Good bacteria, the role of breastmilk in immune system development and that "one" bottle by Lakeshore Medical Breastfeeding Medicine Clinic


In a perfect world, a term, healthy newborn comes into the world vaginally.  Again, I want to talk about normal.  I know the process doesn't go normally all the time. (And I've talked about this here.)


The delivery of that baby close to the anus is critical for immune system development.  The healthy, term newborn's gut is sterile (without bacteria) and the bacteria that get into that pristine gut are truly important.  During a vaginal delivery, the largely harmless bacteria around the mother's anus are the bacteria getting into the newborn gut.  They increase in number, compete for food and space and help coordinate efforts to create a healthy gut for that baby.  With the exception of our skin, the gut is the largest immune system organ in our body.


Because breastfeeding is normal, what happens to healthy, term newborns who are breastfed is normal.  The newborn has a delay in their immune response to bacteria.  A delay?  To a bacteria?  Yup.  Normal.  After delivery, that newborn gut has many challenges from invaders that may not be friendly.  Doesn't seem too smart not to fight back.


We all have mechanisms in our body to fight infection.  In the gut it's called Gut Associated Lymphoid Tissue (GALT) and it's ready to roll at 19 weeks of gestation.  All of the things that make up the GALT are waiting for a specific series of events to occur after delivery, when, if it proceeds normally, will result in a functioning immune system. 


The sequence of those events is important.  For example, after the good (commensal) bacteria has set up shop in the newborn gut, something called an "isolated lymphoid follicle" in the intestine of that baby develops.  It's activated by substances in colostrum and helps with T cell development and function.


T cells are part of what is called the "innate" system.  They mature in the thymus, an immune system structure found in the neck and chest of newborns.  Human milk activates resting thymus cells, helping to shape the immune function of these cells.  Breastfed kids have a larger thymus than those that are not breastfed; the thymus of the breastfed child is up to twice the size of a child not breastfed.  The innate immune system contains cells that kill bacteria but they do it by also causing inflammation and tissue damage.


The innate immune system is different from the "adaptive" immune system, which is very specific to certain invaders.  (Never being very good at immunology, but being really great at American football, I see the innate system as the offensive line, generally protecting from guys coming at the quarterback.  The adaptive immune system is more like the wide receiver or cornerback- a player with a more specific job)


The cells of the adaptive immune system, antibodies, come in several flavors: Immunoglobulin M (IgM), which is the first type of antibody produced and isn't very specific; IgG which is transferred across the placenta and is the only immunoglobulin that the baby gets from mom and has at birth (the newborn, with only IgG is essentially immuno-compromised); IgE which isn't too relevant here; and IgA which rocks.  IgA is a "sticky" immunoglobulin that protects surface areas from infection.  A special type of IgA, secretory IgA, is found in huge numbers in human milk and protects the airway, gut and other mucous membranes from infection. Secretory IgA is special because the "secretory" part is an addition to the IgA  and importantly,  is resistant to being broken down  by the baby' stomach and GI tract.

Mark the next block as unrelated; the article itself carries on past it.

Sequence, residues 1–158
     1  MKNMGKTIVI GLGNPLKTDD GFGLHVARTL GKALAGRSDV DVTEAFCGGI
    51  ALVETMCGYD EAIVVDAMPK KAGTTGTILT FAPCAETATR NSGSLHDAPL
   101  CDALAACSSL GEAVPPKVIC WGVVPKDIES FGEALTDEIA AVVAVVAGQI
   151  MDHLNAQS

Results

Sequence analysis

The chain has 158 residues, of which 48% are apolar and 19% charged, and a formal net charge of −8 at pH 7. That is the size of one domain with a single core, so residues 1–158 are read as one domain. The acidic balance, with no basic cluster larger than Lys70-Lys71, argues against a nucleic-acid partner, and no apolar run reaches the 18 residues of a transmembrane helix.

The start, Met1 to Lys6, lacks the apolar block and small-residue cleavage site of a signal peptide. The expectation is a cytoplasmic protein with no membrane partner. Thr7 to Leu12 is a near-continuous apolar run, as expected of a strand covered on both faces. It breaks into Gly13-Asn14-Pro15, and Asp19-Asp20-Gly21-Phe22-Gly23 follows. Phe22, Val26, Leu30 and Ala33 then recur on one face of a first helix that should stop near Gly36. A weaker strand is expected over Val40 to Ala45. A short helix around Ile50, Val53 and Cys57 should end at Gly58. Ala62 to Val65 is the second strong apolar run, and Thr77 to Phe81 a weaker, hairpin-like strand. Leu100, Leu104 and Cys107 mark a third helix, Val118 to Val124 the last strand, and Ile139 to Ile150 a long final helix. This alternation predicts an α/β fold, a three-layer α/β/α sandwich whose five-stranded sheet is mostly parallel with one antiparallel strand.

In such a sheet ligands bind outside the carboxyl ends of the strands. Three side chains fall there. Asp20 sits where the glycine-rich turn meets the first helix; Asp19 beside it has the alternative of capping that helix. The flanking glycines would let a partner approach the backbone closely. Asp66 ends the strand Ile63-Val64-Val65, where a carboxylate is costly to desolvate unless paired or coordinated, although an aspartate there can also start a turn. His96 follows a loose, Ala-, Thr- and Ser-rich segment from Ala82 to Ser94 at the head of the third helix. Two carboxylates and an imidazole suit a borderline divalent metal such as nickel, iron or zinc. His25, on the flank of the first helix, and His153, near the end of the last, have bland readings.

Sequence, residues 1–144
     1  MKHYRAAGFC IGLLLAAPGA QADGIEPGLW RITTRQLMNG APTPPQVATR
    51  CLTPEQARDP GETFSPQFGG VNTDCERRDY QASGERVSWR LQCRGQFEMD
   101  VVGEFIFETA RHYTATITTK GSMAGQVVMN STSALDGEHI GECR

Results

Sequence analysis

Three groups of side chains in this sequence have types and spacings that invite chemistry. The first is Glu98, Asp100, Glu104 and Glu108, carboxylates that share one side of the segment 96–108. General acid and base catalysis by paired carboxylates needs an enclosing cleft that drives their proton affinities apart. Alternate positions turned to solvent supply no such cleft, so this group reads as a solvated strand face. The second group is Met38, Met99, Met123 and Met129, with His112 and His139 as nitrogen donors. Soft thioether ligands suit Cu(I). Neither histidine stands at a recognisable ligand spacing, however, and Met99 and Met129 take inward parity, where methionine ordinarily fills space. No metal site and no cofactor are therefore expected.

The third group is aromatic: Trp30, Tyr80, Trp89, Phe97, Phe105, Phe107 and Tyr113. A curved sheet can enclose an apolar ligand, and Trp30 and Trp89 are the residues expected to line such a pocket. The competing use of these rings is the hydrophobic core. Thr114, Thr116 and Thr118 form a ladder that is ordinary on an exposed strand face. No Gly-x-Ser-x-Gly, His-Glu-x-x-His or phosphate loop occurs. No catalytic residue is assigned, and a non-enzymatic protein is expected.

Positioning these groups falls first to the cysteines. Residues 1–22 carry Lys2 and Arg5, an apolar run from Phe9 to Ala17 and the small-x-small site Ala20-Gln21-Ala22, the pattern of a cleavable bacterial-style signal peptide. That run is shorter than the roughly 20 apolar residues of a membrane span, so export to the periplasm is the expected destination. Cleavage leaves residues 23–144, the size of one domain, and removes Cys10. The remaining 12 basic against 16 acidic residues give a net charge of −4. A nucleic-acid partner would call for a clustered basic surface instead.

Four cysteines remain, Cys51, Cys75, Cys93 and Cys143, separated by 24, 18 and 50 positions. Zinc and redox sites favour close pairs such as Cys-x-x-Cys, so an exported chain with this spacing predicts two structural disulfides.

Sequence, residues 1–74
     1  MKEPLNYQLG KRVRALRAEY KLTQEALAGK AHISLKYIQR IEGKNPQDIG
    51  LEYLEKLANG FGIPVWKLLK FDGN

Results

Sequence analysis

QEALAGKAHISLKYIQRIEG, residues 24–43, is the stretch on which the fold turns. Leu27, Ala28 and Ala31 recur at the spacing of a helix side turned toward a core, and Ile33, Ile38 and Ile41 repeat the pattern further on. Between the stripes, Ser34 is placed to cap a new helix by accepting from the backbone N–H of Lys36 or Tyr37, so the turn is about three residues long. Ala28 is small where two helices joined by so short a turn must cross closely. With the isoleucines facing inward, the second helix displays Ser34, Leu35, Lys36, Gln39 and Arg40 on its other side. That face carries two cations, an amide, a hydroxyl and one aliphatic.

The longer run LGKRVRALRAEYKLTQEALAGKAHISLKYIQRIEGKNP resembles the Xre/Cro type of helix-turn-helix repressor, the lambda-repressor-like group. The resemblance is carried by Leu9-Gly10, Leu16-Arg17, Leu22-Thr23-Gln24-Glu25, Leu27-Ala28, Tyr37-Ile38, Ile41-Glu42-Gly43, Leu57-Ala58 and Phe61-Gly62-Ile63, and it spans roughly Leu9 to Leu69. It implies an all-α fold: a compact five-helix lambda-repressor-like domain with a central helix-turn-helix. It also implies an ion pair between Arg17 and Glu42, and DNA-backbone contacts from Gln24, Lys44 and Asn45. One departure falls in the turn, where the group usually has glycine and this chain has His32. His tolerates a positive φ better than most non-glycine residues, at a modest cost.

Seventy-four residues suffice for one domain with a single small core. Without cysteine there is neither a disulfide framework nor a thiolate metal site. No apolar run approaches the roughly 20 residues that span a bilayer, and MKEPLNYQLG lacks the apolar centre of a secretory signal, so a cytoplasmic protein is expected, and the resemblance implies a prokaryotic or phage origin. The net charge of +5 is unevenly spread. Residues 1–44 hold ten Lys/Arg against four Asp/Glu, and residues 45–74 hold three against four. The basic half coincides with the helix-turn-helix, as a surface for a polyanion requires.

So, we have a new baby, exposed immediately to bacteria...why no inflammation?  Well, the activity of the T-cells is delayed for about 10 days (remember, T-cells cause inflammation and tissue damage.) Well... secretory IgA helps.  It's made by mom in response to infections in her environment and passed to the baby through breastfeeding.  Moms and babies should stay together.  This is one good reason: mom can't make antibodies to things that the baby is exposed to if the baby isn't with her.


Human milk also contains special sugars, oligosaccharides, which help feed good bacteria.  In fact, they are necessary for that good bacteria to grow.  Plus, they are a type of prebiotic- something can block bad bacteria before they ever get to the surface of the gut.  They let the probiotics, the good bacteria, stay in the gut.  And because they never let the bad bacteria get to the gut surface, no innate immune system is needed, and we get no inflammation or tissue damage.  Oligosaccharides also work with certain receptors (called Toll Like Receptors).  These receptors work in the first 5 days (when are our kids getting supplemented?) and are controlled tightly, like hour by hour. 


In the time that the immune system is delayed, oligosaccharides, toll like receptors and good bacteria protect against bad bacteria and avoid the need for an inflammatory response.  Any alteration in human milk or addition of formula interferes with toll like receptor function, changes the bacteria that the baby's gut gets exposed to and can then lead to inflammation and tissue damage, the result we were trying so hard to avoid.


Just one bottle.


The lesson?  Let's make sure we know why we are supplementing. 


(I suppose that's another soap box- check out the "3b's"  birth weight, blood sugar and bilirubin)



Jenny Thomas, MD, IBCLC, FAAP, FABM


More info?  A very nice book from Dr. Lars Hanson on Breastfeeding and Human Milk.